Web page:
Target is set to report second quarter earnings Wednesday morning, and let’s just say it would be a surprise if there were any surprises. The company is pretty thorough when it comes to managing investor expectations and provides commentary regarding whether analysts’ estimates are too high or too low.
That was the case at the end of the first quarter when the company indicated the then consensus estimate of $1 a share for the second quarter was too high, or as CFO Doug Scovanner indicated “above the midpoint of a reasonable range of likely outcomes.”
Analysts took a look at their assumption and second quarter estimates came down to where the consensus now is for Target to report a second quarter profit of 97 cents a share. In addition, investors already have good visibility into Target’s sales as the company continues to report monthly results. Second quarter same-stores sales increased roughly 3.9% and because Target provides category specific insights analysts are also able to gauge the profitability of those sales.
While there is much analysts already know or are able to surmise about Target’s second quarter performance, there is plenty they don’t know and will be eager to learn about. For example, Target’s entry into Canada is a huge wildcard, even though the first stores are not slated to open until 2013. The company is already incurring expenses related to the market entry and doing so at a rate faster than originally anticipated when the deal was announced in January. This is Target’s first international market entry, and while the size of the prize is large if the market is successfully penetrated, there is considerable execution risk and uncertainty around expenses which makes investors nervous.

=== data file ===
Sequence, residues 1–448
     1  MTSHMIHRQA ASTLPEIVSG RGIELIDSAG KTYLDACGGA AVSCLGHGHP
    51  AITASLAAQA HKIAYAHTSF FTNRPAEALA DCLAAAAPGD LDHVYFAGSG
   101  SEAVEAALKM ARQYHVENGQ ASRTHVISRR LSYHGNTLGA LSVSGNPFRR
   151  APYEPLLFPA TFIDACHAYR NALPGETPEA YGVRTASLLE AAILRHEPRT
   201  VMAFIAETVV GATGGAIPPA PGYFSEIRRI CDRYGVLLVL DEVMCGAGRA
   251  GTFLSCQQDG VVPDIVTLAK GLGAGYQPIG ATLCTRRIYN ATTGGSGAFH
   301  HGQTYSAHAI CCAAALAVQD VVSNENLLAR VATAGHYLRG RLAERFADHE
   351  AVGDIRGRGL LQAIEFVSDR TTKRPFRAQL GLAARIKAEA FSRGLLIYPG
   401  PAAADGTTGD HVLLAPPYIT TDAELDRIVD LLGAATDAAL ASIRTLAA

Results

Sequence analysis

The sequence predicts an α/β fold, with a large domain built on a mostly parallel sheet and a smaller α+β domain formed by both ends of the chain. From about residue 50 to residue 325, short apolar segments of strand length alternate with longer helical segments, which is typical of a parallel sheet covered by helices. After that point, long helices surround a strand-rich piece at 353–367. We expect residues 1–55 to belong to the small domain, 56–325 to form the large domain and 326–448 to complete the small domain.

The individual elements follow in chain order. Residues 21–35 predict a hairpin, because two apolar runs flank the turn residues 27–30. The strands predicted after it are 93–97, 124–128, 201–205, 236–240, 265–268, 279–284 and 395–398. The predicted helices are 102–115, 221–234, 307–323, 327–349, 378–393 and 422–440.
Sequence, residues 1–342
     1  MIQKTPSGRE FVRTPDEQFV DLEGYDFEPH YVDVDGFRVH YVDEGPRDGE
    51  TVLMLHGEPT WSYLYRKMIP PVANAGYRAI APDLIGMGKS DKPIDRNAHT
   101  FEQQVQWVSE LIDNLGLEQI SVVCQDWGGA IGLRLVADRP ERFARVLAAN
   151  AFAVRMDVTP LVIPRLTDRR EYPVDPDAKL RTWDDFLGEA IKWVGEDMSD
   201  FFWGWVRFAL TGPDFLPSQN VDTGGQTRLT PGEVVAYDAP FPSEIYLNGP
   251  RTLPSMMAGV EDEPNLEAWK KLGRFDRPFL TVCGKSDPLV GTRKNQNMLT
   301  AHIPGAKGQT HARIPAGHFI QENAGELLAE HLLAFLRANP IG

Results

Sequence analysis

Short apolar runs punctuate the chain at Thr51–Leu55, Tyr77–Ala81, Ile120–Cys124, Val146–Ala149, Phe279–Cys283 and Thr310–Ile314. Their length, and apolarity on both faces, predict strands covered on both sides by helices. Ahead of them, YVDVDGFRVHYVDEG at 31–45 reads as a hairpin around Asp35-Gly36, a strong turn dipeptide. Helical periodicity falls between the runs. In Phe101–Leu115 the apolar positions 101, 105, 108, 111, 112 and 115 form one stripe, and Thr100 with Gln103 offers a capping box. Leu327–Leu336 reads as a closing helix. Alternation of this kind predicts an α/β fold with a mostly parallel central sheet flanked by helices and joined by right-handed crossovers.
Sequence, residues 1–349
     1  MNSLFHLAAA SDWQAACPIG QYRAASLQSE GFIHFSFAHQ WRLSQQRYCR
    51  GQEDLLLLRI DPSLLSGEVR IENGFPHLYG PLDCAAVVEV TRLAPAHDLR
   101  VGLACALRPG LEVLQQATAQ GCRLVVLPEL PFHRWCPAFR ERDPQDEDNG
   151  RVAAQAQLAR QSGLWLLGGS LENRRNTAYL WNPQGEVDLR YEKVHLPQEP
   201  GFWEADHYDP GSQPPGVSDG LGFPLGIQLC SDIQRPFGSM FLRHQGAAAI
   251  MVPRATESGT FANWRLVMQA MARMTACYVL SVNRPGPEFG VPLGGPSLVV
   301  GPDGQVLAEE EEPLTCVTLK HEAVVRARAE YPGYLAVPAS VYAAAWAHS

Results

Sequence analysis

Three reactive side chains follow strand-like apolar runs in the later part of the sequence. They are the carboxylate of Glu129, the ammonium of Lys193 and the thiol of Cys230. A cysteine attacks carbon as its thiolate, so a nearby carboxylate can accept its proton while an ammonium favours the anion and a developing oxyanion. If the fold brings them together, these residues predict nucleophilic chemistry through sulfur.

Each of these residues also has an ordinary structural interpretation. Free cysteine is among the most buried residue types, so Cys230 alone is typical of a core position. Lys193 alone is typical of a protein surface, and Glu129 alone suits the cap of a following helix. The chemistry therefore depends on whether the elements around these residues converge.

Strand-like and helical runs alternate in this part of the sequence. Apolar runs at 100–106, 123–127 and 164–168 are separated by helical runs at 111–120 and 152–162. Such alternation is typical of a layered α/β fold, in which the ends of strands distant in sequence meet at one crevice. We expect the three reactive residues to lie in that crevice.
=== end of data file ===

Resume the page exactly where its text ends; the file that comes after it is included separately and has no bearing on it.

Senior executives will be expected to provide an update on the Canadian expenses outlook in addition to other near term initiatives in the United States. For example, the company’s ongoing rollout of the PFresh format, the penetration rate of REDcard Rewards and that program’s impact on same-store sales are sure to be hot topics. So too is an update on the sale of the company’s credit card business and perspective on the competitive climate, the pricing environment and whether it remains rational.
And what about the company’s major relaunch of its website. It is already mid-August so early season holiday activity will soon be here and investors will be looking for some insight into Target online plans and relaunch efforts.
As is typically the case, Target’s actual second quarter performance will be less important than what the company has to say about its near term earnings outlook. The pace of sales during the back-to-school season, third quarter same store sale guidance and profit expectations.